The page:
Emil was a reporter for The Next Web between 2012 and 2014. Over the years, he has covered the tech industry for multiple publications, incl Emil was a reporter for The Next Web between 2012 and 2014. Over the years, he has covered the tech industry for multiple publications, including Ars Technica, Neowin, TechSpot, ZDNet, and CNET. Stay in touch via Facebook, Twitter, and Google+.
On Saturday, Apple posted its second Samsung apology to its UK website, complying with requests by the UK Court of Appeal to say its original apology was inaccurate and link to a new statement. On the same day, users on Reddit and Hacker News pointed out that Apple had recently modified its site to ensure the message is never displayed without visitors having to scroll down to the bottom first. The backlash has apparently led the company to remove the code sometime between Monday and Thursday, possibly in the hopes of avoiding yet another court order.
While the code’s main purpose wasn’t necessarily to hide the apology (Apple has been pushing a more vertically-responsive design on its international sites for a while now), it’s very likely that putting the text in question at the bottom of its UK site, where the code would hide it, was on purpose. Apple’s decision to stop using the code, in fact, points to this being the case.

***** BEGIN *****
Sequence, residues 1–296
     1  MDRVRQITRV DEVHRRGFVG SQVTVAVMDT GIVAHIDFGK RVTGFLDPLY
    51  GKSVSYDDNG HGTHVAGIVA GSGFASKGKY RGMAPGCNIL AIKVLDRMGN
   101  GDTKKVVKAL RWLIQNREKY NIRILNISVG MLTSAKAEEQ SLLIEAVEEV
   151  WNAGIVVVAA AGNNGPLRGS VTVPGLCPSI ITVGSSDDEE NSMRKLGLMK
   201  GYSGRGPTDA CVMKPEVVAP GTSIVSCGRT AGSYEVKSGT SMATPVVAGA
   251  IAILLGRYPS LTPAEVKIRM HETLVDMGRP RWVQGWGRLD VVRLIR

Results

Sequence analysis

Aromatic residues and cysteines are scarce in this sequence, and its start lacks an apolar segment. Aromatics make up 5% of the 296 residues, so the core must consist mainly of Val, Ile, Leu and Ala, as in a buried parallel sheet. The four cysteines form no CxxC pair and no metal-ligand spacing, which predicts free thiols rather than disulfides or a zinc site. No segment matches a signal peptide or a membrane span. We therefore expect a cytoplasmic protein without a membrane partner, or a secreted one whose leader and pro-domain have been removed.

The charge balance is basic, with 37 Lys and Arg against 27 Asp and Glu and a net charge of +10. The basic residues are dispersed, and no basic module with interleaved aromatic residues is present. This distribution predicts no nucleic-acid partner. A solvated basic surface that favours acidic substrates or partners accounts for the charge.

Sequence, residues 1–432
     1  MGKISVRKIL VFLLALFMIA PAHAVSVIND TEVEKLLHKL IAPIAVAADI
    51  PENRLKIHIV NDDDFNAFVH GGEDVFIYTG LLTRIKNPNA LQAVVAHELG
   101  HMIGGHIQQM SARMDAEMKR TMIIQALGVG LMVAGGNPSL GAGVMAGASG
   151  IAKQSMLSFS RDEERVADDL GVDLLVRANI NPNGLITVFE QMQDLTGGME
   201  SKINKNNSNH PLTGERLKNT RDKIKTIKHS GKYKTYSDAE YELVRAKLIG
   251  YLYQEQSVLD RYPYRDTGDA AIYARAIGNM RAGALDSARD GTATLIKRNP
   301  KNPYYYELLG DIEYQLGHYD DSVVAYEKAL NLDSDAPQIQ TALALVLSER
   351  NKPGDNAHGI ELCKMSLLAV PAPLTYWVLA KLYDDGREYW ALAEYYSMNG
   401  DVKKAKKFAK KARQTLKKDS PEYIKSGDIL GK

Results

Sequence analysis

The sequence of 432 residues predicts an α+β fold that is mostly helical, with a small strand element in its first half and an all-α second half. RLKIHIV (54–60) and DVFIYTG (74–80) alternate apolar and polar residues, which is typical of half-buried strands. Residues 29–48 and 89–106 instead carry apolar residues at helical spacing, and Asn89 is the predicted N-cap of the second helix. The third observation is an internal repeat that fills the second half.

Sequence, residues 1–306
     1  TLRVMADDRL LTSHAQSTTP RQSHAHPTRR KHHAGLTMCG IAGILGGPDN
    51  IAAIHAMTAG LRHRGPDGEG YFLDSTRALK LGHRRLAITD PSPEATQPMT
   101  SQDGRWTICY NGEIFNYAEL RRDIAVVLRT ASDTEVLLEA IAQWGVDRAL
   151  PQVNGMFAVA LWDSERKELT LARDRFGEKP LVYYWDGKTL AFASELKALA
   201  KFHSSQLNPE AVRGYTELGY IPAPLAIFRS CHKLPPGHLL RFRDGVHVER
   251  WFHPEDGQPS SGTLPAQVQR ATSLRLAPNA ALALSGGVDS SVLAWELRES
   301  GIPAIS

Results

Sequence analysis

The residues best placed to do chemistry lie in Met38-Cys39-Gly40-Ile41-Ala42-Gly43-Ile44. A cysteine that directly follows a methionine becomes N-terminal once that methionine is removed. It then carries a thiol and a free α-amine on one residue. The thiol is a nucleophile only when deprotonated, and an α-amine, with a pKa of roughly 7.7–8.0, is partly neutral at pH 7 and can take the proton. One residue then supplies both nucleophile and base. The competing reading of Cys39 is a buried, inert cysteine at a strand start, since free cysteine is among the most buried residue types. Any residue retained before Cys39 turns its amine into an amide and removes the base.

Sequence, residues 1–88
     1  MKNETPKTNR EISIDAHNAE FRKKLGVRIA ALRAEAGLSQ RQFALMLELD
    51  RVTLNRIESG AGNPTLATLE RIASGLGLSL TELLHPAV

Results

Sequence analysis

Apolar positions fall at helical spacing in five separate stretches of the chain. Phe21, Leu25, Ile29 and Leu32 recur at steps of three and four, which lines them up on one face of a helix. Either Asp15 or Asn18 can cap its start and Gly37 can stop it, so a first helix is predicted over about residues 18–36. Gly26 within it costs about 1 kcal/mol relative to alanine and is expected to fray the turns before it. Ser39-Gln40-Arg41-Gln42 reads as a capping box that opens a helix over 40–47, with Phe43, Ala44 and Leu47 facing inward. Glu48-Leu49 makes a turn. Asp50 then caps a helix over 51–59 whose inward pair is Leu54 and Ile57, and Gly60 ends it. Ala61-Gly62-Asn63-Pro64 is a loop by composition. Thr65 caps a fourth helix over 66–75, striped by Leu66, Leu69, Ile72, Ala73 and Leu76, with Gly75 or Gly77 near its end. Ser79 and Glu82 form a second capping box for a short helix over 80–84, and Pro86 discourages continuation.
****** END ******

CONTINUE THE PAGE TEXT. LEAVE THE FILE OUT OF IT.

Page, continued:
Like on the weekend, I have verified on my laptop, as well as my desktop, which has a 1600×1200 resolution monitor, and Apple is indeed no longer scaling the image accordingly. That being said, I still can’t see the text in question. My editor Martin Bryant confirms the scaling no longer occurs on his Retina Mac, although he points out that Apple might be using a larger image than it has in the past. He notes he has to scroll a little, but not as much, since “a little of the text is visible if I have it at maximum resolution and full screen.”
In my previous piece, I discussed that unless the judge specifically ordered that the message be in view without scrolling, Apple is following the letter of the law, not the spirit of the law. While in most cases you still have to scroll down to see the text in question, Apple is no longer ensuring that it’s a requirement, which frankly was a bit too much.
Here’s the message that appears on the Apple’s UK site, whether you scroll down to the bottom or if you can see it on your monster monitor:
On 25 October 2012, Apple Inc. published a statement on its UK website in relation to Samsung’s Galaxy tablet computers. That statement was inaccurate and did not comply with the order of the Court of Appeal of England and Wales.
The correct statement is at Samsung/Apple UK judgement.
Apple already enraged the judge once with its first cheeky apology to Samsung. I wrote earlier that “It’s difficult to say what the judge will make of this most recent change, but if he finds out, I can’t see him being pleased.” It looks like Apple decided it didn’t want to find out what would happen.
See also – Apple may be dropping Intel processors in Macs for in-house designs, Mansfield likely in charge and Samsung’s Galaxy S III overtakes the iPhone 4S as the world’s best-selling smartphone in Q3 2012
Image credit: Vince Petaccio
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